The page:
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Smiling Underneath

It has been a long time since I wrote a blog about anything of note… but as I find myself halfway through my battle with a very particular demon of mine, actually I could use the chance to talk to myself a little, just to ease the journey and to keep myself going to be perfectly honest.

The first point of note is that this journey really means a great deal to me. Enough for me to have now written two songs about my experiences with dentists and the utterly opposite encounters I have had with them. This was very much in an attempt to further my own mental health and strength, and writing these songs has helped me immensely as a form of therapy, to the point where I could not have continued my journey without them.

First I need to explain the back story, before I explain the meaning and specific references from the two songs… So here goes:

The start of the story goes back to 1981. I was 4 years old, running around the living room like an idiot and I tripped and fell in such a way that my face landed on the metal corner of the coffee table, which went straight through my lip. I still have the scars, but the hospital visit even at that age stayed in my memory forever. I received stitches in my lip with no anaesthetic. My mum played blue murder with the hospital, as my screams could be heard throughout the emergency department. I’ve struggled with trusting surgery ever since that first experience.

At the age of 8 I was to have eight teeth out. I was blessed with too many teeth as a child, and I went in like a lamb to the slaughter. I was completely unaware of the pain that awaited me. I was put under gas, and woke some time later, eight teeth had been successfully removed but the pain was more than I could cope with as I was not given any pain relief. I was inconsolable for 2 days and in absolute agony.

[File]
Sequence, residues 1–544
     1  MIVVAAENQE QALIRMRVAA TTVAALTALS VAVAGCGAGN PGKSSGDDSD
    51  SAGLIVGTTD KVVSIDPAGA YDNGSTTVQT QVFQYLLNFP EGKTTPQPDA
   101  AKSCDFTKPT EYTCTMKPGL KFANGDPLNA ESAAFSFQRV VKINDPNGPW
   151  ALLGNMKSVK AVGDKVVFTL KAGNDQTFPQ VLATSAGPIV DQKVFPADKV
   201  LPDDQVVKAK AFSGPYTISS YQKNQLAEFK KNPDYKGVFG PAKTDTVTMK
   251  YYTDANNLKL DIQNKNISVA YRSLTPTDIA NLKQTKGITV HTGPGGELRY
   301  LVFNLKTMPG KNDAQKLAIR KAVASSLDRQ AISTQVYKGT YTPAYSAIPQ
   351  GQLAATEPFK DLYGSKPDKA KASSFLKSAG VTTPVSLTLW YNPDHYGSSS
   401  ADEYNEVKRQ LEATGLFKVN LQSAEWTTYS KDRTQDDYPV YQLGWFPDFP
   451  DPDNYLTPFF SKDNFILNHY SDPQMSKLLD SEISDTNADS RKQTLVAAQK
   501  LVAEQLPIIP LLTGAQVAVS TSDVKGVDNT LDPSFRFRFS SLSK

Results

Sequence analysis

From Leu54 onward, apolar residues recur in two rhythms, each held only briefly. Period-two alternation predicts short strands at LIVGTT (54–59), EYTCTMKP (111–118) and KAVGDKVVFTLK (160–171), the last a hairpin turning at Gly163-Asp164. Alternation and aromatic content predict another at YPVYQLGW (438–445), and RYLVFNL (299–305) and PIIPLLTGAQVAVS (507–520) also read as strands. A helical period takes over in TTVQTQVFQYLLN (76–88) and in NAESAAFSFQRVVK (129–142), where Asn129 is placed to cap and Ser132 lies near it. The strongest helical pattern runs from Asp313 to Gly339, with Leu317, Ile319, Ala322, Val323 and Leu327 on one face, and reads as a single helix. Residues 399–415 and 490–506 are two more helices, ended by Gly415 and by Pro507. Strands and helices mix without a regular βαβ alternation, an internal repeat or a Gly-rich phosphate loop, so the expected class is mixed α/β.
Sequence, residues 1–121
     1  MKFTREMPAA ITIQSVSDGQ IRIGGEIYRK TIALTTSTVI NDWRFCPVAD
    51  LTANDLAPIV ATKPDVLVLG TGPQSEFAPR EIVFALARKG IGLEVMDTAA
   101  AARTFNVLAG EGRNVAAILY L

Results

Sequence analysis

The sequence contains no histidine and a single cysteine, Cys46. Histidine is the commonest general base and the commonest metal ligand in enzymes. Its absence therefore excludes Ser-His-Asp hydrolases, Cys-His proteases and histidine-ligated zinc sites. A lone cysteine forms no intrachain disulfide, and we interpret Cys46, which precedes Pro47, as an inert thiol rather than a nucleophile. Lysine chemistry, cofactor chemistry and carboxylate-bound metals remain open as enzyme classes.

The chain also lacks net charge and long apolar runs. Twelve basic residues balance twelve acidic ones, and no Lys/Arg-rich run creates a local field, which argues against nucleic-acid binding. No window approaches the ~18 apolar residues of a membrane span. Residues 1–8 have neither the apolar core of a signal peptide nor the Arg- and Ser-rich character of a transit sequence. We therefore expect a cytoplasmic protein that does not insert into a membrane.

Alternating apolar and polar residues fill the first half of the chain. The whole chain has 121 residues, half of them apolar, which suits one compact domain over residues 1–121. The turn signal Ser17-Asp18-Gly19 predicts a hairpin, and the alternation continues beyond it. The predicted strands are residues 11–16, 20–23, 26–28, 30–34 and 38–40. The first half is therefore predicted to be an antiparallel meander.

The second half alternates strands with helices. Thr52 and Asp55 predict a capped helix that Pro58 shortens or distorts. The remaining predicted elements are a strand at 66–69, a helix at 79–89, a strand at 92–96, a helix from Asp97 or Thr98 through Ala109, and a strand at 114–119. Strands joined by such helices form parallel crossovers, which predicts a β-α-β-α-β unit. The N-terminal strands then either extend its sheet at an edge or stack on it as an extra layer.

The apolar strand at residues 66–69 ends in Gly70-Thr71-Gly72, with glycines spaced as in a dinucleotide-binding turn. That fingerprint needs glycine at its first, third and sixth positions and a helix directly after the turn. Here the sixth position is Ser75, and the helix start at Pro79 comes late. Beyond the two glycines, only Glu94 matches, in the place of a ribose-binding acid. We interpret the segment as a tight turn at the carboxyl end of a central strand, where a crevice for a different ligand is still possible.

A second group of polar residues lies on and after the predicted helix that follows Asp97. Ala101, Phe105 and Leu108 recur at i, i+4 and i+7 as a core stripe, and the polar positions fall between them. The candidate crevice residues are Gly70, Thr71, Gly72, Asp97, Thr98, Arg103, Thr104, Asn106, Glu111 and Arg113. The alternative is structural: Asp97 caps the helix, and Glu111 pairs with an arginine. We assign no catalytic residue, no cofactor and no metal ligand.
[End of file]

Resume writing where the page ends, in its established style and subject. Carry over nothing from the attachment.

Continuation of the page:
Then when I was 12 years old I needed more dental work on my molars. The dentist opposite Pontefract bus station was at least a place I could get to on my own on the way home from school, and I was to have a molar on the bottom left of my mouth removed. I went in alone. In hindsight this was a bloody stupid idea. The dentist was absolutely fucking sadistic. He was short with me, impatient and passively aggressive to me, a 12 year old boy on his own. He got on with it and paid no mind to my stress and anxiety and rushed ahead. He simply pushed down horrendously hard in my mouth and twisted and I felt every crack and splinter as the tooth shattered under the pressure he had over applied. He ignored my signals and noises to say STOP. Then he spent another 20 minutes fishing around to find the bits of root that had stayed behind. I was again utterly destroyed and when I got home a piece of me had changed forever. He destroyed any trust I had and therefore I decided to never go the dentist ever again.